1. Your biggest concern at work is trying to cover up the hours you're logging stalking exes on Facebook and searching for the perfect dream-home decor.
2. Asking where you see yourself in five years elicits the same response as "Who was the 16th president?"... No effing clue.
3. Opportunities for advancement are as maxed out as your credit cards.
4. If it weren't for fear of an all-ramen-noodle diet, getting laid off wouldn't sound like such a bad thing.
5. There's an inverse relationship between the days you look forward to going to work and the number of drinks you down at happy hour.
If you at all identify with the above signs, it's time to consider a career change. Sure, it may sound counterintuitive given the current state of the economy and the lack of opportunities, but the truth is, now is a better time than ever. Why? Because when else will you have as little to lose, as much to gain, and a greater competitive edge over people who've already succumbed to their unfulfilled fates?
At a time when everyone else is watching the news and reading headlines of doom and gloom, all it takes is someone with a little extra dedication and passion to go after the job or idea others are giving up on. Furthermore, while business is slow, people are more inclined to take informational interviews, meet over coffee while you pick their brains and gulp down their resources, and let you try your hand at projects to get some experience under your belt.
Tips for getting started:
Identify your Effortless Actions. No clue what field to venture into? Make a list of the things you do on a daily basis with little to no effort, or your "effortless actions," as colleague Gabrielle Bernstein calls them. Spend some time thinking (outside of the box here, people) about what kinds of jobs require those skills and passions.
Be honest. You'll get nowhere fast if you can't be truthful with yourself about what it is you really want out of life. Do you have the energy to commit to the 80-plus-hour workweek that a CEO title will require? Or is it the respect you covet, with the freedom to set your own hours? Do you hate everything about your current job? Or are there parts of it you'd keep if you could change everything else?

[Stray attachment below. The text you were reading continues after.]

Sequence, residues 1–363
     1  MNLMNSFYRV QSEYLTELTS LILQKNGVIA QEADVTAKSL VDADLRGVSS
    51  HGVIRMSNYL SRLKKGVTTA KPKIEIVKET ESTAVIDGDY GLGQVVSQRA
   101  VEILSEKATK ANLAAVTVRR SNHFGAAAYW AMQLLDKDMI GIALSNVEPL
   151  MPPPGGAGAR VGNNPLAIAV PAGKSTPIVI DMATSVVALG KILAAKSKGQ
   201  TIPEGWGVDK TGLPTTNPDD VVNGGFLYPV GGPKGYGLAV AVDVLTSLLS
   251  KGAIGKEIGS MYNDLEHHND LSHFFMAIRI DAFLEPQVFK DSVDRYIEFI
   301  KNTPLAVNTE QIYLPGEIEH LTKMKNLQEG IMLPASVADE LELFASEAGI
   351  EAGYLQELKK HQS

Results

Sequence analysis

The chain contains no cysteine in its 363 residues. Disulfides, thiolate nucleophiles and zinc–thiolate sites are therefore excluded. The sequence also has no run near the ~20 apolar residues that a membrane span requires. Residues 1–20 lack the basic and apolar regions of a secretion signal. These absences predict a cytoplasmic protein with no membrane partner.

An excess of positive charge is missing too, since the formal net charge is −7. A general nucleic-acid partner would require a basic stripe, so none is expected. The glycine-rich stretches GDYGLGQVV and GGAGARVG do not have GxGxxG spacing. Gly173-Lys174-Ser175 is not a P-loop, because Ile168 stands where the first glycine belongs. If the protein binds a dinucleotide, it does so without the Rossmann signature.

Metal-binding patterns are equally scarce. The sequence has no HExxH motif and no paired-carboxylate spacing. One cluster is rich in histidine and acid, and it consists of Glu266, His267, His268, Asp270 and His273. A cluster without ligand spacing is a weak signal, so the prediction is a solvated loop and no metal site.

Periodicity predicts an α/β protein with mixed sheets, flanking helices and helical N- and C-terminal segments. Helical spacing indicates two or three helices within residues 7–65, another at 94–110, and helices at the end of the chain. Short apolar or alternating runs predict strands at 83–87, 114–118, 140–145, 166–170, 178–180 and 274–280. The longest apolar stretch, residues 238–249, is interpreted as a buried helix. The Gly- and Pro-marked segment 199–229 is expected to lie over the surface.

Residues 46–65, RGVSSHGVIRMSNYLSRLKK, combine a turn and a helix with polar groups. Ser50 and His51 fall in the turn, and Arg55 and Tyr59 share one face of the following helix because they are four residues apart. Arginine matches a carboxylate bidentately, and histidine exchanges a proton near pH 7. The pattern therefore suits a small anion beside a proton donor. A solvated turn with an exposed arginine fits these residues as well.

Do one thing a day. The main reason people shy away from reinventing their careers is that it feels too overwhelming. Make a list of your to-do's and cross off one thing each day. Remember, action elicits change--a year from now you'll barely recognize yourself.
Give yourself time. This isn't one of those reality makeover shows where people cut their hair, put on a designer suit, and walk into the room a new-and-improved version of themselves. A real reinvention doesn't happen overnight. Give yourself time to make mistakes, room to tweak your plan, and the chance to let out the old "What the hell was I thinking?" cry every now and then.
Create a support system. Just about every successful person I know has an unofficial Board of Advisors. Form a reliable group of people from all realms of your life who know you well in different ways, and regularly seek their advice. Whether you get them in the same room or in separate meetings, you'll likely discover that all of the resources you need are only a few degrees of separation away. More importantly, you'll receive honest input about how others view you, which is often the biggest trigger point to clarity.